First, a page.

LPGA commissioner Mike Whan is expected to offer his thoughts on the state of the tour and what the 2018 schedule holds during next week’s season-ending CME Globe Tour Championship in Naples, Fla. But he provided a preview of sorts on Tuesday when he appeared as a guest on Golf Channel’s Morning Drive.
Among the points Whan discussed was the tour planning on playing 35 tournaments in 2018, the same number that was announced at the start of the 2017 season. Next year’s slate, however, will likely include the addition of second Hawaii stop, movement of the New Zealand tournament from the fall to off the calendar in 2018 to accommodate a move back on, and to the spring, in 2019.
“We will lose a couple events and add a couple,” said Whan, starting that the changes will help with the flow of the season from a traveling standpoint.
Arguably the most interesting schedule change Whan mentioned involved the potential of moving the Evian Championship out of its September slot and push it earlier into the summer to avoid the weather difficulties that have plagued the event since it became a major in 2013. This past September, rain forced the tour to cancel the first round after it had begun and shorted the event to 54 holes for the second time in five years, a decision Whan made that drew criticism from players, fans and media alike.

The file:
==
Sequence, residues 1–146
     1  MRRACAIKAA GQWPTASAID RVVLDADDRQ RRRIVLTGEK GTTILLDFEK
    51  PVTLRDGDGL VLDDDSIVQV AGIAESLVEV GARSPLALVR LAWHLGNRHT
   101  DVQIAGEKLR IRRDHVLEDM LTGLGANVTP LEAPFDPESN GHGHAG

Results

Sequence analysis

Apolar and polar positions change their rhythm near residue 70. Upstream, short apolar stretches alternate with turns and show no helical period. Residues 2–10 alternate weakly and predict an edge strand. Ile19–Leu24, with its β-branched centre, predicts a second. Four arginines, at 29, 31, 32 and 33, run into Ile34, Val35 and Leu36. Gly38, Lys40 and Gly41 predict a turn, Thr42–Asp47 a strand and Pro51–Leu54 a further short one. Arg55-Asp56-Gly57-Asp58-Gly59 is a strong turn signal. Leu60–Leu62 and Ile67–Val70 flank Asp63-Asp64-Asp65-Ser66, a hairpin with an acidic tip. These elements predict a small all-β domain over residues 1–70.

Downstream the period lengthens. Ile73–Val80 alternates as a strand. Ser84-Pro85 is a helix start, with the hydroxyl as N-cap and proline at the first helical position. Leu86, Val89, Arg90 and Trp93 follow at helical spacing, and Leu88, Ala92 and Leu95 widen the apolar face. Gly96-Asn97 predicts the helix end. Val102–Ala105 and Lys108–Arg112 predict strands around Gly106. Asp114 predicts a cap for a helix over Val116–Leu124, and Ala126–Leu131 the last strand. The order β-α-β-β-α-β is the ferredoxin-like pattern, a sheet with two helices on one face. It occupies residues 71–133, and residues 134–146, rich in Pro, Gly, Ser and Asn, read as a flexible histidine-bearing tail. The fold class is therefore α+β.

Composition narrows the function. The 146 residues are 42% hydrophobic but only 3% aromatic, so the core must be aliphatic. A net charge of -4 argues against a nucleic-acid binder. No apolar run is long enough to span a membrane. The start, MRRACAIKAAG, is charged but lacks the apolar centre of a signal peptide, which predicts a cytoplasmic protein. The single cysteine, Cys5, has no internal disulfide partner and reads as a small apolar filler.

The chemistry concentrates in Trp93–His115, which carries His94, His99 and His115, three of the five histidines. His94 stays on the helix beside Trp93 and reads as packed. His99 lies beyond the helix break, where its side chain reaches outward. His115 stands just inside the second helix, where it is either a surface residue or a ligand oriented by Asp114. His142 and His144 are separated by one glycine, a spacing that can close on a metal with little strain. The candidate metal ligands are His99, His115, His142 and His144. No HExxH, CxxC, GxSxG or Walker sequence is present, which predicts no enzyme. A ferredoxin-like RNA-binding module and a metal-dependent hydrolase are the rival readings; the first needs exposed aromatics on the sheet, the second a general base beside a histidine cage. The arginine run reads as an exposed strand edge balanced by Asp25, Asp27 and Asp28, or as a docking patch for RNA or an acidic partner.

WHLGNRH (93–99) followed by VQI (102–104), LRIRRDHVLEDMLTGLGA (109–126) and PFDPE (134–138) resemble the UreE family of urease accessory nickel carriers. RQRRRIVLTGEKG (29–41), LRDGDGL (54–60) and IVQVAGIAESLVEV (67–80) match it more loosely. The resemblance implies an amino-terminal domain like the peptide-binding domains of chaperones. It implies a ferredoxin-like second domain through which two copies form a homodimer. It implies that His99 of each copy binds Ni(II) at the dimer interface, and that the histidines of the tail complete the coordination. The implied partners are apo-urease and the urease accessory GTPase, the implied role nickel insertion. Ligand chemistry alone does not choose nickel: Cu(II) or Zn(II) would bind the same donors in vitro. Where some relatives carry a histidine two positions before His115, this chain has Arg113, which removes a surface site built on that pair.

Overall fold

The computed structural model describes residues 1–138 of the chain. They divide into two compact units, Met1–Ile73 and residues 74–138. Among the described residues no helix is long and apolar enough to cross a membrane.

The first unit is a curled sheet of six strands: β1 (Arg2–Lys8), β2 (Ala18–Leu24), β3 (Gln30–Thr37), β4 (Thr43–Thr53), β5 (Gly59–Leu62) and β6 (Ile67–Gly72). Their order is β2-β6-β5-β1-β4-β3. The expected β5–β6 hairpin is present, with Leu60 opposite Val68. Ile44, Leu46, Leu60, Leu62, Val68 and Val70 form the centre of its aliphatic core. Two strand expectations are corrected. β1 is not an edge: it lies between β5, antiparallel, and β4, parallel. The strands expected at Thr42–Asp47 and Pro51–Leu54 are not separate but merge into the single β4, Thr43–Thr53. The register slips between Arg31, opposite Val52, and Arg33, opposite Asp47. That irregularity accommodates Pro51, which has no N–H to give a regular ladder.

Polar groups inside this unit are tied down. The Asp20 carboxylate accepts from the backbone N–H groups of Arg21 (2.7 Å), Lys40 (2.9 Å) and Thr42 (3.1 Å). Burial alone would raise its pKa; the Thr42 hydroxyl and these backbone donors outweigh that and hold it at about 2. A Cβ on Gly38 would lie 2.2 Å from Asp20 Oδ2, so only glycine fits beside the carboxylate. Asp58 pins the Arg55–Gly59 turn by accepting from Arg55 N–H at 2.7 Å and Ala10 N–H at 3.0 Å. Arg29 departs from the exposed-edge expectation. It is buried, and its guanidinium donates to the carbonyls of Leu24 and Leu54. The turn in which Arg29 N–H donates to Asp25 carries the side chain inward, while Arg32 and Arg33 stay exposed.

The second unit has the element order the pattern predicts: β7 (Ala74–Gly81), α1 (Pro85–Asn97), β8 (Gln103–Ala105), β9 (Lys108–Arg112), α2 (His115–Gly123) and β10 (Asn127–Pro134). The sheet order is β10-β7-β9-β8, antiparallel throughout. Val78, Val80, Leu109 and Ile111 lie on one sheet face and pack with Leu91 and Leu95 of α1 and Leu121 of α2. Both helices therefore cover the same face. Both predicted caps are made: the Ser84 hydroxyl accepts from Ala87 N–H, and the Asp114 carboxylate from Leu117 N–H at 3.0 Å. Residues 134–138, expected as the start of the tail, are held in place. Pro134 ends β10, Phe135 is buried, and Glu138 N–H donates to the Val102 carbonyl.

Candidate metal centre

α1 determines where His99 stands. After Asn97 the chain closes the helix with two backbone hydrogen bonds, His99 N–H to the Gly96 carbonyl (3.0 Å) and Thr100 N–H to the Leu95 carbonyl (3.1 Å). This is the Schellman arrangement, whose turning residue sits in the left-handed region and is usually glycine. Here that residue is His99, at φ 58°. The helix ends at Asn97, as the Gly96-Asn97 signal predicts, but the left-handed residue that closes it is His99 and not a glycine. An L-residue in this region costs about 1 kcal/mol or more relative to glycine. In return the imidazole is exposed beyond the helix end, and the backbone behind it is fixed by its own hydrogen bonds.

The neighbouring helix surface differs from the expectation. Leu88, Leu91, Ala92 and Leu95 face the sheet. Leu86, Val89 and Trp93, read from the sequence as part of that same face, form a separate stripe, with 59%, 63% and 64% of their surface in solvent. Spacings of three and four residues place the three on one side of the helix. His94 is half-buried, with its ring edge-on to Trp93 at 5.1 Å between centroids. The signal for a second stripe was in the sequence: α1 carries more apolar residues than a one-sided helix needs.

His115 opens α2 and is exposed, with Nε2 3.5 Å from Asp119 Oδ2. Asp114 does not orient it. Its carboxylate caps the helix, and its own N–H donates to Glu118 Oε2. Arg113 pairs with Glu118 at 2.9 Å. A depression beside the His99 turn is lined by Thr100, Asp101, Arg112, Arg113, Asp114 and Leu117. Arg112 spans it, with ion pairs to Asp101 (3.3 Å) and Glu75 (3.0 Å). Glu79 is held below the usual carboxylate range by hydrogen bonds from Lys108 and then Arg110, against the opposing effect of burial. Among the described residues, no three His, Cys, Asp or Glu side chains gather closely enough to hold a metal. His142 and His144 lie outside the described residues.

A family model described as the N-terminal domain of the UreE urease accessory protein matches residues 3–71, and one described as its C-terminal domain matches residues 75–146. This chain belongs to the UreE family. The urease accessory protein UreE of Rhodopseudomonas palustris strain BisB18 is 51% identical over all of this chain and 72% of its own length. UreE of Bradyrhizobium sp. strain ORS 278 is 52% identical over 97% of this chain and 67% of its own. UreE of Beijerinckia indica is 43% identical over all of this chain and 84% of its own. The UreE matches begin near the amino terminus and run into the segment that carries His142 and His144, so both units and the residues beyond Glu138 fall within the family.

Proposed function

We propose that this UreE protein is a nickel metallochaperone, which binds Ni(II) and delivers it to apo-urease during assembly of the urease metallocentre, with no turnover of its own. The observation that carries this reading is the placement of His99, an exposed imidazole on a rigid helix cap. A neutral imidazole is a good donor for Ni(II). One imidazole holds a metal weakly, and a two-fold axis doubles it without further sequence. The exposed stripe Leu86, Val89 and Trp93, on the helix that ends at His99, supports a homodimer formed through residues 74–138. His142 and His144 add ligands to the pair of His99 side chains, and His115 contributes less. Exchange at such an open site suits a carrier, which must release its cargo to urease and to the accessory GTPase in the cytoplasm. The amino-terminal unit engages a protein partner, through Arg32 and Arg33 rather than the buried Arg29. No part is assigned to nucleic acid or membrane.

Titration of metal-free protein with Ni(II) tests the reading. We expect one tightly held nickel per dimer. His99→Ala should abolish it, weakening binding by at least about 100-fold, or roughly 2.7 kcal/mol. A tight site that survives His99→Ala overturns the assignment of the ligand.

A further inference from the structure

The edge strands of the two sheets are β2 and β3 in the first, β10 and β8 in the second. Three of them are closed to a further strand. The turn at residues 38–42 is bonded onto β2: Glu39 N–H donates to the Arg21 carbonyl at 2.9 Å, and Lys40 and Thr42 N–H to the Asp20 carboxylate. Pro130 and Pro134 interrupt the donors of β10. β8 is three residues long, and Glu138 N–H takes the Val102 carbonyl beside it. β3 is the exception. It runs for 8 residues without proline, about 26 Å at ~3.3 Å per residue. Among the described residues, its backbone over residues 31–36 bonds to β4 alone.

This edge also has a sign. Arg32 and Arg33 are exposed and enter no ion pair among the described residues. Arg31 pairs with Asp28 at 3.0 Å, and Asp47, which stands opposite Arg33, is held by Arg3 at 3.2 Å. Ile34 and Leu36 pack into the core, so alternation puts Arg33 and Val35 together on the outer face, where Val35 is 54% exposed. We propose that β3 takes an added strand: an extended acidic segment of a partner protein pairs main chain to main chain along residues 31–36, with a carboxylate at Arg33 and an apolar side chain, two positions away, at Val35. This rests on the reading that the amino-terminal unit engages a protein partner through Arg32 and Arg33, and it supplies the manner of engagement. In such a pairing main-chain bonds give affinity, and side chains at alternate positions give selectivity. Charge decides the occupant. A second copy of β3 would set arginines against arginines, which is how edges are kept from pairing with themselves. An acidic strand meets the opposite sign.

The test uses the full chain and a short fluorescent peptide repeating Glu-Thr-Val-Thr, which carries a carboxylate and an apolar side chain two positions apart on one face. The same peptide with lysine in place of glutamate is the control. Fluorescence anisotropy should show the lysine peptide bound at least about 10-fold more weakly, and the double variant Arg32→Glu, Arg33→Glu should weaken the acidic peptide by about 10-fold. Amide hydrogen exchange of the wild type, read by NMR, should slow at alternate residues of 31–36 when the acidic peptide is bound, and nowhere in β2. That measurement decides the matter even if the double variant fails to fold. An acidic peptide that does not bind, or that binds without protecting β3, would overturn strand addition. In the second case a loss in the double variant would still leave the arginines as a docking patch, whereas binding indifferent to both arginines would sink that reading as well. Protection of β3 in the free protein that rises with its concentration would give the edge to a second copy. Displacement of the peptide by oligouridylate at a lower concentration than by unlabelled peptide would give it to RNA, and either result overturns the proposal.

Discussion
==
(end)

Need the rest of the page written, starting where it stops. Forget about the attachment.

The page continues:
“We will get Evian back to a summer date,” Whan said. “It may not be in ’18, but certainly by ’19.”
Whan was forthright about the issues with the tournament, pinning the blame on himself in terms of having increased the field size too quickly and moving the event move from July to September in the first place. In September, the area experiences more rain and has significantly less daylight to play with.
“The challenges we’ve faced are man-made,” Whan said. “And I’m the man who made them.”
Additionally, Whan said that the LPGA could still be involved in an ownership stake in the Ladies European Tour some time down the road. He, along with the European Tour and the R&A proposed in September a plan to take over the struggling tour—which had five events cancelled during the 2017 season—but that LET officials were not prepared to hand over ownership of the tour. They instead wanted to try to find a solution where they continued to oversee the operations themselves.
“We agreed to reconvene in the late spring,” Whan said. “We will see where things stand then.”
And as for the partnership with CME and the year-long Race to the Globe competition, Whan hinted that the current structure is likely to stay for a while.
“Next week, we will have some news about the CME Globe,” Whan said. “We will be racing for the Globe for a lot of years in the future.”